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"Nazi classification for Germans of mixed race"


Nazi efforts to safeguard the "purity of race" by codifying  racial distinctions affected Jewish life in Germany at almost every turn. According to most definitions, a Jew is either born into the Jewish people, or becomes one through religious conversion. The debate centers around some of the following questions:

  • Mixed parentage debate - tries to identify when people with mixed parentage should be considered Jewish, and when they should not be.
  • Conversion debate - centers around the process of religious conversion in an attempt to specify which conversions to Judaism should be considered valid, and which should not.
  • Life circumstances debate - focuses on whether people's actions (such as conversion to a different religion) or circumstances in their lives (such as being unaware of Jewish parentage) affect their status as a Jew.

As defined by the Nuremberg laws in 1935, a Jew was somebody who had at least three Jewish grandparents --- regardless of religious affiliation or self-identification. The latter did matter for people with two Jewish grandparents: if they belonged to the Jewish religion or were married to Jews, they were classified as Jewish; if neither, they were considered Mischlinge of the first degree.

Somebody with only one Jewish grandparent was classified as a Mischlinge of the second degree.

Persons meeting the 1st or 2nd degree Mischlinge criteria were often Roman Catholic by religion: In the 19th Century a sizable number of German Jews converted to Christianity, with virtually all of those doing so choosing to become Roman Catholics rather than Protestants; as a result, due to intermarriage, a number of Roman Catholics in Germany had some traceable Jewish ancestry by the time the Nazis came to power.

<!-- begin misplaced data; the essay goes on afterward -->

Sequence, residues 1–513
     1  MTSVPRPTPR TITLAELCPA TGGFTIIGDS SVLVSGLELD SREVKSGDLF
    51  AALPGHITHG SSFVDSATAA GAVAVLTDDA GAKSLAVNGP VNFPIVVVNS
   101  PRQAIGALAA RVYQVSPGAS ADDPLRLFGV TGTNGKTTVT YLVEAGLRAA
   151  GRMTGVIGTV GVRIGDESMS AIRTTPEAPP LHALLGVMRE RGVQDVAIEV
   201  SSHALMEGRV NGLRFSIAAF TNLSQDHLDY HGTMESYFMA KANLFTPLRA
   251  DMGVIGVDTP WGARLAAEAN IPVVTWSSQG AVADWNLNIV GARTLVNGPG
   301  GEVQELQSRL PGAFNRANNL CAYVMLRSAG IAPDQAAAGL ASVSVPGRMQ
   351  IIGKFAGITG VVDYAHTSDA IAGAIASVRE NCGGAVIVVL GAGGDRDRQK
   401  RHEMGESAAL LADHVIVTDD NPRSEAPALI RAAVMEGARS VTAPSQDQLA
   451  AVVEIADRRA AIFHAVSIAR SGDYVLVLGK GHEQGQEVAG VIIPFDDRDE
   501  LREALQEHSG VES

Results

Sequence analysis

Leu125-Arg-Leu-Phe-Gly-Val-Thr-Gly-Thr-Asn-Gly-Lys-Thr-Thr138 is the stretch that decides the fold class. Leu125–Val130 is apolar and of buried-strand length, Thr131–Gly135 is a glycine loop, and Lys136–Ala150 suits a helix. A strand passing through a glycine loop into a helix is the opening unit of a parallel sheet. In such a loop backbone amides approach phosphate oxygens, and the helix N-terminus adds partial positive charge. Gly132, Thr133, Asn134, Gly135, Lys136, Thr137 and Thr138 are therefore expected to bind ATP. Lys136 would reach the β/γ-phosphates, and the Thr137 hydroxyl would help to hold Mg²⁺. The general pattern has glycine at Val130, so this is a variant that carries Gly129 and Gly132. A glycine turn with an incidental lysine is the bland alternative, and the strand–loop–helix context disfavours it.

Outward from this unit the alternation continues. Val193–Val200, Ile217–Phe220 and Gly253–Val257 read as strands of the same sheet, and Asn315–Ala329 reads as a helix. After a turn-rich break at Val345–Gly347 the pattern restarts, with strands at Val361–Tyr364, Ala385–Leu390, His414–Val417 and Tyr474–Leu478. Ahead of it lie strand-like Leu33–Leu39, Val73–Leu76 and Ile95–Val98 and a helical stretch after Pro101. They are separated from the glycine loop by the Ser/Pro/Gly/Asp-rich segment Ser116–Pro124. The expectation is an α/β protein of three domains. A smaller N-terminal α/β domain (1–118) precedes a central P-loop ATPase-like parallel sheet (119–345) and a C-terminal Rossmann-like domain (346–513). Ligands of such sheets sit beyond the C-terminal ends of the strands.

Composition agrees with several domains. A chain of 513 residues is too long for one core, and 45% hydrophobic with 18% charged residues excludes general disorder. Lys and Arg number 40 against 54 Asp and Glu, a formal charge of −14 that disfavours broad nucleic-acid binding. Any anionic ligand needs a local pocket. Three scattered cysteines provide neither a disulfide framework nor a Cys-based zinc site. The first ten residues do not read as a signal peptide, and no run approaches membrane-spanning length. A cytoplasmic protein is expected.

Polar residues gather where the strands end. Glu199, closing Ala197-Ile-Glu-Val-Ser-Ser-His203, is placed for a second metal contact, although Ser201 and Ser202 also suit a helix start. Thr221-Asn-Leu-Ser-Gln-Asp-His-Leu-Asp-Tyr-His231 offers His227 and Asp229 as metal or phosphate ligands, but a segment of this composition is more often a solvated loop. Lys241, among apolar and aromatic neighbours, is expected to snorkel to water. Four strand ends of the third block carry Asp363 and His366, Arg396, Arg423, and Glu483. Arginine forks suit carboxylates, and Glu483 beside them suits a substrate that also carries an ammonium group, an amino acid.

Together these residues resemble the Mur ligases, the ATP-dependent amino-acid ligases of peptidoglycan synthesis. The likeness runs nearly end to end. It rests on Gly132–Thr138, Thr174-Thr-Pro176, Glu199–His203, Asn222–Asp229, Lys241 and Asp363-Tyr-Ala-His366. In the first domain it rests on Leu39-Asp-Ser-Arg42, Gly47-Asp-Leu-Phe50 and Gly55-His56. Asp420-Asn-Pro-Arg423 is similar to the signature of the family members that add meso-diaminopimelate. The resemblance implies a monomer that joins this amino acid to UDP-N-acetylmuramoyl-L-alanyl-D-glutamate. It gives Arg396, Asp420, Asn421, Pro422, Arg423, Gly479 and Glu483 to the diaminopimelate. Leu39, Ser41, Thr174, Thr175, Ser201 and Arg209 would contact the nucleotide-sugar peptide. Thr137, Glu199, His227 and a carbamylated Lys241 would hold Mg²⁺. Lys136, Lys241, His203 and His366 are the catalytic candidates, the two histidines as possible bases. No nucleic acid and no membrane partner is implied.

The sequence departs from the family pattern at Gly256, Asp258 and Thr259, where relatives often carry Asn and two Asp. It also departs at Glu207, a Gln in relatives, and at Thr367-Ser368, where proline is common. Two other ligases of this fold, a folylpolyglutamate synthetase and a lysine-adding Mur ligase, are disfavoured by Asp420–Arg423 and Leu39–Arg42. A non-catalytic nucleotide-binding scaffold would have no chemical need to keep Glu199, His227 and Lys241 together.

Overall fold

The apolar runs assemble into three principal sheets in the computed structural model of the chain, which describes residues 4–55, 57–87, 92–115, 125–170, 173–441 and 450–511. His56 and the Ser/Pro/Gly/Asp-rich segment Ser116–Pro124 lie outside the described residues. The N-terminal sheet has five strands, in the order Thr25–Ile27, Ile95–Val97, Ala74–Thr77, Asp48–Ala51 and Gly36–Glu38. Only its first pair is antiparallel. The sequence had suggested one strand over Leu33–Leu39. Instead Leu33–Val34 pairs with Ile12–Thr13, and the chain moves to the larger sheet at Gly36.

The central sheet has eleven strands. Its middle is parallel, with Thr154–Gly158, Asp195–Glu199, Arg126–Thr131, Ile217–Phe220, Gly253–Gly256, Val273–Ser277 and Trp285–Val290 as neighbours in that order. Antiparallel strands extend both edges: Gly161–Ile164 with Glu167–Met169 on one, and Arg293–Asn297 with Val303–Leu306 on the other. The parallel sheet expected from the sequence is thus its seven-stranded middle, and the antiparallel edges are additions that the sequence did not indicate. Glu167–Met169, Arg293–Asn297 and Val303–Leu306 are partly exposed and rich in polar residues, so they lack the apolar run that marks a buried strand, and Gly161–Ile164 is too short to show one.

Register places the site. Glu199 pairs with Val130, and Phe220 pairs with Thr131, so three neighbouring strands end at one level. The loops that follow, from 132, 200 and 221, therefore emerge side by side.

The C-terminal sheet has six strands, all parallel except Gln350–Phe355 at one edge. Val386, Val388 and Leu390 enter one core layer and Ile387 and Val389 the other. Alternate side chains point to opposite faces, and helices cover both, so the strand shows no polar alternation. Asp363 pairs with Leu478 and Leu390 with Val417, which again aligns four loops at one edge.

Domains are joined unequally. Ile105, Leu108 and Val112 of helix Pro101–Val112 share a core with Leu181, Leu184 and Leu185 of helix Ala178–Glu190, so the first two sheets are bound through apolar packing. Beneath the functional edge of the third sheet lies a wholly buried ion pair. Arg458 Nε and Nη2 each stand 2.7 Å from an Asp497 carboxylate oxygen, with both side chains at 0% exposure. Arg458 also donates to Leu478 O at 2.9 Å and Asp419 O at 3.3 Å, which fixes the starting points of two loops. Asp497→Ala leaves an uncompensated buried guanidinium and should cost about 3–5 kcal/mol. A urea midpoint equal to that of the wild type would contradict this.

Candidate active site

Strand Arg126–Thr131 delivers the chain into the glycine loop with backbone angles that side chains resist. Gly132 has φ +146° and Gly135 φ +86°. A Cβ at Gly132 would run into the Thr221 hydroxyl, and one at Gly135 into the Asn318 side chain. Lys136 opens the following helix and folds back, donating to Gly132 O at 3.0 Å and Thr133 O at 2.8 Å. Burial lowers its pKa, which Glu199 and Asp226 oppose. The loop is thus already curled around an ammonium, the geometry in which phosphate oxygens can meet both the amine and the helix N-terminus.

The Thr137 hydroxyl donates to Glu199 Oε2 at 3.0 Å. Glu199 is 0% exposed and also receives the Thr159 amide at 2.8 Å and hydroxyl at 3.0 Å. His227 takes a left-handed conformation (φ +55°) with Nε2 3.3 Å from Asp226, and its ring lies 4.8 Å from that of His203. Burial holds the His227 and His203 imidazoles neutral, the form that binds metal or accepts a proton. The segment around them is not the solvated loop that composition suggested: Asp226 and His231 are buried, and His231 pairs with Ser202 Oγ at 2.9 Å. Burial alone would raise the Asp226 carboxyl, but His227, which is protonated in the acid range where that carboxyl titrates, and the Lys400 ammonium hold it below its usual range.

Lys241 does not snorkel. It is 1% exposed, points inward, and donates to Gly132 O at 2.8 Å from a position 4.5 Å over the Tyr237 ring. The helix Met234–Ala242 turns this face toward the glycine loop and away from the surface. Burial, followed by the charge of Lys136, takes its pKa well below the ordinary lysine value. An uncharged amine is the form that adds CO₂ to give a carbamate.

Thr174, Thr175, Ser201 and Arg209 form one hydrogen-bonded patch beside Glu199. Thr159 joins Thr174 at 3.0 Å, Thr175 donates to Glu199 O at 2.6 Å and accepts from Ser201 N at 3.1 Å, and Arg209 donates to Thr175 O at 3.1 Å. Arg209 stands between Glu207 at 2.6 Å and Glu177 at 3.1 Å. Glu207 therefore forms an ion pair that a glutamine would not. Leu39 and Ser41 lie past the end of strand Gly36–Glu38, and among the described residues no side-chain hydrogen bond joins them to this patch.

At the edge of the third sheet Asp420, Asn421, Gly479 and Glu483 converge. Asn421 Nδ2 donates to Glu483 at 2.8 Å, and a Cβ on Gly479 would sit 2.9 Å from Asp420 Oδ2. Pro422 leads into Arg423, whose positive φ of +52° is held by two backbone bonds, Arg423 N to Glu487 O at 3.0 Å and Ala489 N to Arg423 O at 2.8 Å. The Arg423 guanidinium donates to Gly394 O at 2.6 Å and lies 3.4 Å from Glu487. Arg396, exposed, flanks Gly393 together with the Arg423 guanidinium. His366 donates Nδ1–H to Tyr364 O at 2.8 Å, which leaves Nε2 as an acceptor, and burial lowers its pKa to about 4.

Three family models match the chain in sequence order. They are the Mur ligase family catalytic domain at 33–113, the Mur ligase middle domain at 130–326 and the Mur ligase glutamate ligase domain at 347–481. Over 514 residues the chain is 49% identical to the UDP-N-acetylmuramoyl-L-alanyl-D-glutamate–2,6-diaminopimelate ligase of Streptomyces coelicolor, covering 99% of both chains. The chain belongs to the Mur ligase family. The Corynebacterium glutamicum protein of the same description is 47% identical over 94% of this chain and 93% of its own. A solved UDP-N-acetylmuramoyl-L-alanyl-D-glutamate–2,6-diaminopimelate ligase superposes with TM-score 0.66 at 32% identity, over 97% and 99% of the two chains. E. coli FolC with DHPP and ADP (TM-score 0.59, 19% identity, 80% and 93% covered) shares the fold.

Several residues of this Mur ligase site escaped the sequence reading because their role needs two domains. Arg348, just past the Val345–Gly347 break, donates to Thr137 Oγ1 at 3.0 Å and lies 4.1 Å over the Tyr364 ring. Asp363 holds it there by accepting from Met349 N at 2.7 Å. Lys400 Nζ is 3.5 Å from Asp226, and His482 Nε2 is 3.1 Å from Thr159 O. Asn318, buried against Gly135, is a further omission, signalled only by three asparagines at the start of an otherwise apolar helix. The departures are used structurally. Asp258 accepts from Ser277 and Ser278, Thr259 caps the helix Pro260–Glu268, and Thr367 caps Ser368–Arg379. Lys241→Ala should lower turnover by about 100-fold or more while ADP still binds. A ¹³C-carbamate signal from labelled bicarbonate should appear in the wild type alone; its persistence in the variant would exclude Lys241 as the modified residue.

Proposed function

Military service book for a Mischlinge German/Jew

For comparative purposes, a person is considered Jewish under Halacha (Jewish law) if born from a Jewish mother or if she/he converted to Judaism according to established procedure. (There is no such thing as a "half-Jew" in Judaism, and the race or ancestry of converts is considered irrelevant.)

A Gentile convert to Judaism would have been considered Aryan by the Nazis (although probably would have been persecuted as "Volksfeindlich", i.e., inimical to the German Volk), while a person with three Jewish grandparents and a Gentile maternal grandmother would have been considered Jewish by the Nazis but Gentile according to Jewish law.

(Conversely, a person with three Gentile grandparents but a Jewish maternal grandmother would have been considered a Mischlinge of the 2nd degree by the Nazis but considered a Jew according to Jewish law.)

According to the 1939 Reich census, there were about 72,000 Mischlinge of the 1st degree, some 39,000 of the 2nd degree, and tens of thousands more of higher degrees.


At the Wannsee Conference, on Jan. 20, 1942, the Final Solution was decided on, for the Jews. The fate of the Mischlinge was addressed. But the Nazi hierarchy couldn't agree on a course of action. It was proposed, and almost decided, that the Mischlinge of the second degree, if they looked like Jews, or, "behaved" and "felt" like Jews, they would be deported as Jews.


But the only thing all the Nazis agreed on, was that the best course of action for the Mischlinge was sterilization.


There was a second conference, on March 6, 1942, convened for the purpose of deciding the fate of the  Mischlinge and the mixed marriages. The chairman of this meeting was Adolf Eichmann. They all agreed, again, that compulsory sterilization was the answer to the Mischlinge problem.

Finally, on Oct. 27, 1942, the third "final solution" conference was convened. It was here decided that the Mischlinge of the first degreewould be sterilized, but the Mischlinge of the second degree (the ones with one Jewish grandparent) "without exception, were to be treated as Germans, but they too were to remain subject to Mischlinge restrictions."

It is of note to mention that in practice any Mischlinge could be deported if they simply appeared to be or looked Jewish.










Perpetrators, Victims, Bystanders.  Raul Hilberg

Holocaust and Genocide Studies, Volume 3. D. Bankier

The Holocaust Encyclopedia. Publications International LTD.
Explaining Hitler by Ron Rosenbaum Harper Perrenial




Copyright Carmelo Lisciotto H.E.A.R.T 2006 - 2007



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